t h e   r o s a   t r o u p e

John CHild

John Child

John Child, born about 1857, was sometimes known as ‘The Yorkshire Tenor’ because of his links with the town of Knaresborough. He married, lived and died there but may have been born in London. His family background is uncertain and another John Child, an actor who appeared with Henry Irving at the Lyceum, may have been a relative. However the family were able to arrange for their son’s vocal education. He began as a pupil of Daniel Rootham at Bristol, became a boy soprano at St Mary’s, Redcliffe, and eventually graduated to tenor soloist at Bristol Cathedral. Further study with Lewis Thomas in London was followed by training in Milan and he returned home in late 1878 to pursue a career on the concert platform. He transferred to touring companies about 1880 and successfully toured for a few seasons in Les Cloches de Cornville, Pirates of Penzance, Rip van Winkle, and also played in pantomime at Christmas. A return to touring in 1886 in the Beggar Student, with a subsidiary Rosa company, brought him to the notice of Carl Rosa and he was recruited for the opera company in the summer of the following year.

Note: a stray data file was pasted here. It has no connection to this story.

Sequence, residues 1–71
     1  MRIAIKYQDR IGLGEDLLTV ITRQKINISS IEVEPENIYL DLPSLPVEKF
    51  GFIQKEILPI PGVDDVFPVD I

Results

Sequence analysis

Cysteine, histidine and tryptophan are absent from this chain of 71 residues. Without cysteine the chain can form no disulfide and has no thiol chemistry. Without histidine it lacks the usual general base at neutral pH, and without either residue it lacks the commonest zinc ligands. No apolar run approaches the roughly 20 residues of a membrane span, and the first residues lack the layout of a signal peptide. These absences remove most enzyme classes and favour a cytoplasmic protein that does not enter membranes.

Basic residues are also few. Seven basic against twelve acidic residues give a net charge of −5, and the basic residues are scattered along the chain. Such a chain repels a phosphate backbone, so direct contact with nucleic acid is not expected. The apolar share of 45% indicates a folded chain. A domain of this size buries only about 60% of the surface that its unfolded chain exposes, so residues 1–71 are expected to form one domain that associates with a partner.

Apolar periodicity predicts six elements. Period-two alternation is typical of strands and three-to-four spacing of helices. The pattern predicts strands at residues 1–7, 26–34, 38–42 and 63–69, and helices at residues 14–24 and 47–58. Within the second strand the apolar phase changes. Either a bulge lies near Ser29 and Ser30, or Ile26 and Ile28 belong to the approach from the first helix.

Child’s Rosa debut was in Bohemian Girl at the Opera House, Cork, on 9 August 1887 although there may have been a previous performance a week earlier at Reading. He remained a leading Rosa tenor for the next five seasons singing in seventeen operas. This included the British premiere of Masse’s Galatea opposite Marie Roze in 1887 and British English-language premieres of Gounod’s Romeo and Juliet in 1890 and Balfe’s Talismano in 1891. The company premieres were Star of the North, Robert the Devil and Daughter of the Regiment. He also appeared in Mignon, Nordisa, Puritan’s Daughter, Faust, Lurline, Fra Diavolo, Black Domino and Elixir of Love together with the English Ring operas. His Rosa farewell after almost 600 performances was as Tonio in Daughter of the Regiment at the Tyne Theatre Newcastle on 27 May 1892.

His subsequent career included concert and oratorio, a tour of South Africa in 1897 and occasional excursions into variety. However in the 1911 census he describes himself as ‘Tenor vocalist operatic’. This was not without reason for he sang with previous Rosa colleagues in many companies for many years. He sang with Burns-Crotty, Arthur Rouseby, Moody-Manners, Augustus Harris, Harrison Frewin, and Allington Charsley companies and was still at it during the first world war. Surprisingly, he never made commercial recordings despite a lengthy career. He died suddenly at his home on 4 February 1926 and was buried in Knaresborough cemetery four days later.

© 2019 John Ward

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